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Health Information and Tools > Health A-Z >  Varicella (Chickenpox) (VZ) Vaccine
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Immunization

Varicella (Chickenpox) Vaccine (VZ)

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​​​​​​​Immunization protects you from disease.
​​Get protected, get immunized.

  • Vaccines make your immune system stronger by building antibodies, which help prevent diseases.
  • Immunization is safe. It is much safer to get immunized than to get this disease.​

Who should have varicella (VZ) vaccine?

This vaccine is given to children starting at 12 months of age.

It is given to infants 6 to 11 months of age who have certain health conditions.

Children who were born on or after August 1, 2012, may need this vaccine even if they have had chickenpox.

Anyone born before August 1, 2012, should have this vaccine if they have not had chickenpox. Adults need a blood test to check if they need the vaccine. It will show whether or not they are protected.

How many doses of this vaccine are needed?

People need 2 doses of VZ vaccine. The first is usually given at 12 months and the second at 4 years of age. These doses are usually given using the MMR-Var vaccine, which is a combined vaccine that protects against chicken pox and measles, mumps, and rubella (MMR). Doses given before 12 months of age do not count.

The second dose of VZ vaccine at 4 years of age was added to the routine​ immunization schedule in 2012 for those born on or after August 1, 2005. Children who did not receive this second dose can have the vaccine for free. Older children may benefit from a second dose— check with a public health nurse to find out if it is free for your child.

How well does the vaccine work?

VZ vaccine is about 94% effective after 1 dose and about 98% effective after 2 doses.

Where can I get the vaccine?

VZ vaccine is offered to students in grades 1 to 9 who have not had chickenpox or the recommended doses of VZ vaccine. Information about the disease and the vaccine will be sent home to the parent or guardian. If you want your child to get the vaccine, you must fill out the consent form and return it to the school.

If you are an older teen or an adult whose blood test shows you are not protected, you can have the vaccine for free at a public health office​​ in your area.

If you or your child do not qualify for a free second dose, you need to pay for it. Contact a travel health clinic (e.g., AHS Travel Health Services​) or talk to your doctor or pharmacist.

Are there side effects from VZ vaccine?

Reactions to the vaccine are usually mild and go away in a few days. Reactions may happen up to 6 weeks after immunization. They may include:

  • redness, swelling, and discomfort where the needle was given
  • fever
  • rash and itchiness
  • a chickenpox-like rash (water blisters)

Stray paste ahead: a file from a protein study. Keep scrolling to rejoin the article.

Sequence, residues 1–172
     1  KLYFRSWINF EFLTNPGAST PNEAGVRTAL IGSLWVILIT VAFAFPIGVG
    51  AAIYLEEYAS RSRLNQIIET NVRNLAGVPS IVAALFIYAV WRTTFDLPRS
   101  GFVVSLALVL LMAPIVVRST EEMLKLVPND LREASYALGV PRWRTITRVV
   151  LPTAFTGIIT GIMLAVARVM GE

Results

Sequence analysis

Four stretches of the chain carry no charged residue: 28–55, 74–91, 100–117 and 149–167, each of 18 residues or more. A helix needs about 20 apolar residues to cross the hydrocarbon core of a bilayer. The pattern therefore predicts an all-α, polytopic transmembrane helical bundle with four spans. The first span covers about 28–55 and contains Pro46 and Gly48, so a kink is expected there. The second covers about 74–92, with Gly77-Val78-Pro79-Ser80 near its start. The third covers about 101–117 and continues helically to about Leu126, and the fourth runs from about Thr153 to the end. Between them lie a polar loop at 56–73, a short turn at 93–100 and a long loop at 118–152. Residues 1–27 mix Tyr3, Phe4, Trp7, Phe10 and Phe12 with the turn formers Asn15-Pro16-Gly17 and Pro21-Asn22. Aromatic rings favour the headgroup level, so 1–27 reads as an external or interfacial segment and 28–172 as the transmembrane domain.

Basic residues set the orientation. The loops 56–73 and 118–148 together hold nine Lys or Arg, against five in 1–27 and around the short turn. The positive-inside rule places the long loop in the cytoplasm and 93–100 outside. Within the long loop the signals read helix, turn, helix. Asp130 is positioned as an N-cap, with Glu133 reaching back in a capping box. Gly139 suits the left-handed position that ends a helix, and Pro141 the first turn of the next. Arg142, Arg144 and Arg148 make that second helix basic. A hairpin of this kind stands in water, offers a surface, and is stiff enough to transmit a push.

It is important to stay at the clinic for 15 minutes after immunization because people can have a rare but serious allergic reaction (anaphylaxis). If anaphylaxis happens, you will be given medicine to treat the symptoms.

Unusual reactions can happen. Call Health Link at 811 to report any unusual reactions.

How can I manage side effects?

  • To help with discomfort and swelling, put a cool, wet cloth over the area.
  • If you need fever or pain medicine, check with your pharmacist or doctor. Do not give aspirin to anyone younger than 19 years old because it can cause serious health problems.
  • If you get a chickenpox-like rash, keep it covered. If the rash cannot be covered, stay away from pregnant women, newborn babies whose mothers have not had chickenpox, and people with weak immune systems. If there are more than 50 spots, call Health Link at 811.
  • Some people with health problems (e.g., weak immune system) must call their doctor whenever they get a fever. If you have been told to do this, call your doctor—even if you think the fever was due to immunization.

Is there anyone who cannot have VZ vaccine?

You may not be able to have the vaccine if you:

  • have an allergy to parts of the vaccine—always tell your healthcare provider about allergies.
  • had a severe or unusual reaction after this vaccine (or a similar one)—always tell your healthcare provider if you have had reactions.
  • are pregnant—you need to wait until after you have had your baby.
  • have a weak immune system or a family history of a weak immune system that may be inherited—you need to check with your doctor before getting this vaccine.
  • had a blood product within the past 12 months or another live vaccine within the past 3 months—check with a public health nurse. Your vaccine may need to be delayed.

You can be immunized if you have a mild illness (e.g., cold), even if you have a fever.

You need to wait 1 month after this vaccine before trying to get pregnant.

For More Information

Disease Quick Facts: Chickenpox (Varicella)

What it is

  • virus that causes fever and an itchy rash that looks like small water blisters
  • usually mild but up to 1 out of 10 people can have skin infections, pneumonia, blood infections, or other life threatening infections
  • after having chickenpox, the virus remains in the body. It can become active again and cause shingles (herpes zoster). VZ vaccine protects against chicken pox, but it does not prevent all cases of shingles

Who is most at risk

  • newborns, adults, and people with weak immune systems have the most serious infections
  • if a pregnant woman gets chickenpox, there is a small risk of miscarriage or birth defects
  • if a woman gets chickenpox a few days before or after giving birth, her baby has a high risk of severe disease, or death

How it spreads

  • spread easily through the air by coughing, sneezing or by touching open blisters
  • can spread before the rash appears

Current as of: July 16, 2019

Author: Immunization Program, Alberta Health Services